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Multiple Sclerosis


Multiple sclerosis (or MS) is a chronic, often disabling disease that attacks the central nervous system (CNS), which is made up of the brain, spinal cord, and optic nerves. Symptoms may be mild, such as numbness in the limbs, or severe, such as paralysis or loss of vision. The progress, severity, and specific symptoms of MS are unpredictable and vary from one person to another. Today, new treatments and research are giving new hope to people affected by the disease.

Source: National Multiple Sclerosis Society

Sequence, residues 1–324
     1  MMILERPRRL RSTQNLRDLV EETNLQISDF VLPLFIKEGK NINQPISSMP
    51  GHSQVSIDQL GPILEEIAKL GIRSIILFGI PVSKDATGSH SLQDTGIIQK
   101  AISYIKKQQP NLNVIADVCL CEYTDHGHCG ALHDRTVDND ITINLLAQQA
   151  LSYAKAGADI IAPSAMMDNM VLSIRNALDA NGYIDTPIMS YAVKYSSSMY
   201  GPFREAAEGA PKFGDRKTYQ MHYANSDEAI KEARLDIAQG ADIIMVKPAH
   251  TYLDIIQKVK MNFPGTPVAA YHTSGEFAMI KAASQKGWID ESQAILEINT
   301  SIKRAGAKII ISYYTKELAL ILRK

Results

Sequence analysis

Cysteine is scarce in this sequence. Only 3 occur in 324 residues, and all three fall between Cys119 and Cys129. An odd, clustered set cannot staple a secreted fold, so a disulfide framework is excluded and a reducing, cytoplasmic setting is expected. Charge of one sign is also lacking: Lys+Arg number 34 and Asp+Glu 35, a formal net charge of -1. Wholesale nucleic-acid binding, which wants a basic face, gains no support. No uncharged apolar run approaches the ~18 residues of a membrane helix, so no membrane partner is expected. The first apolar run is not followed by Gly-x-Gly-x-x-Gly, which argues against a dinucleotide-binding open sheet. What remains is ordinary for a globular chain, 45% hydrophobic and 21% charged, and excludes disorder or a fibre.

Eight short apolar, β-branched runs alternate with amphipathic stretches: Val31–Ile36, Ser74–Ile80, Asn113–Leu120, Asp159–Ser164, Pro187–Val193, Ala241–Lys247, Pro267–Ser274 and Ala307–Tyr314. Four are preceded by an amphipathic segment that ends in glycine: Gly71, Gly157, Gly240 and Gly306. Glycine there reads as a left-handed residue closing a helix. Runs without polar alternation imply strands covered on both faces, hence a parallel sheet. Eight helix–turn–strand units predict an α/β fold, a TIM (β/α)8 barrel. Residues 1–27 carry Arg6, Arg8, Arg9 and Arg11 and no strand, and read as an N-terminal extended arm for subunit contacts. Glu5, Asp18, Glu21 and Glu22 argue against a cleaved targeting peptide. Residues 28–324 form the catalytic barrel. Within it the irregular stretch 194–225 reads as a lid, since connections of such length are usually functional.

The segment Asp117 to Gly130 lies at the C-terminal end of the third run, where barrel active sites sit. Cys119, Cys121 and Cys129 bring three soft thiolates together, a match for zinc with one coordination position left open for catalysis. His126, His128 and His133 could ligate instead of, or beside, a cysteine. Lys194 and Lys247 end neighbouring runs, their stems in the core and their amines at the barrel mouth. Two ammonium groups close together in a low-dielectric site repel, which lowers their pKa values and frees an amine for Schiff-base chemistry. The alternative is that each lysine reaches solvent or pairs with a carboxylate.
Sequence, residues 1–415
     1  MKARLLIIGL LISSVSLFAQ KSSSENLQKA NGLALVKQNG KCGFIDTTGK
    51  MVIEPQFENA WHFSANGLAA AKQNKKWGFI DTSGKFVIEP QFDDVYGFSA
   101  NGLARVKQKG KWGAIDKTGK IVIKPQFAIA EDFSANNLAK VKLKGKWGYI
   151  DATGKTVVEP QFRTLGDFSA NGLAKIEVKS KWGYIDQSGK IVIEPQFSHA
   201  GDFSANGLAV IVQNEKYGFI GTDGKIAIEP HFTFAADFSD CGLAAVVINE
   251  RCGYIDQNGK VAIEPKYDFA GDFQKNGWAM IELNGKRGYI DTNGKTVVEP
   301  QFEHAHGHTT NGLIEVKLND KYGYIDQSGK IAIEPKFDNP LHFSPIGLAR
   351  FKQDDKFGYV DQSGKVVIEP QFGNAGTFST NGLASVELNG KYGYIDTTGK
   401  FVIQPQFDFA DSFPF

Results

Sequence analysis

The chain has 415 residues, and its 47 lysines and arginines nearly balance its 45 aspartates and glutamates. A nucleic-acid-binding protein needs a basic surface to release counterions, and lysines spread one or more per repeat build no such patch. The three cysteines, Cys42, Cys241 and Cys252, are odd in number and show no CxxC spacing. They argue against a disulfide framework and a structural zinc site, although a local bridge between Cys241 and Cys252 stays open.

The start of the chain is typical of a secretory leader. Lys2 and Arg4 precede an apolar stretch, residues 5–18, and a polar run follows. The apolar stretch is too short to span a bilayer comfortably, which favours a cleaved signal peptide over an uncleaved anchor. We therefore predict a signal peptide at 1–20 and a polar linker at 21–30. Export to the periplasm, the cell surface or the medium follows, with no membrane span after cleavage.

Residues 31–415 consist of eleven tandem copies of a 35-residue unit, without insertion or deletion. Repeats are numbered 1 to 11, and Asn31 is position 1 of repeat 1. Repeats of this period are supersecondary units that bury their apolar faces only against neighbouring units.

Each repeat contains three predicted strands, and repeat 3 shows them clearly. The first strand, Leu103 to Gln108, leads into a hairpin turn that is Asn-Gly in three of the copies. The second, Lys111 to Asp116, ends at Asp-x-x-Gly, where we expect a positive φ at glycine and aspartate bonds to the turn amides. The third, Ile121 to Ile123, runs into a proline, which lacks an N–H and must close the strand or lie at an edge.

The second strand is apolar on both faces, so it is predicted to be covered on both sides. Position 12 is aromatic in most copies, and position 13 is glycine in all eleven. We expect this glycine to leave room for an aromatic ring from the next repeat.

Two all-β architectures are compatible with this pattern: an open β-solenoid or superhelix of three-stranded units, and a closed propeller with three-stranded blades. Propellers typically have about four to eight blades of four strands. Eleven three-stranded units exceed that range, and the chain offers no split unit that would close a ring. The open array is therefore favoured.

Who is at Risk?

MS is not contagious and is not directly inherited, although heredity is a factor. People from different ethnic groups have different tendencies to develop MS. It is most common among people of Northern European ancestry, although African Americans and Hispanics develop MS as well. Other ethnic groups – Intuits, African blacks, and Southeast Asians – are much less likely to have MS. The average person in the United States has about one chance in 750 of developing MS. But relatives of people with MS, such as children, siblings or nonidentical twins, have a higher chance – ranging from one in 100 to one in 40. In addition to genes, other factors – perhaps exposure to germs or viruses – play a part in causing MS. That is why scientists say that MS is not directly inherited.

Source: National Multiple Sclerosis Society

Recent Multiple Sclerosis Research and News at The Scripps Research Institute

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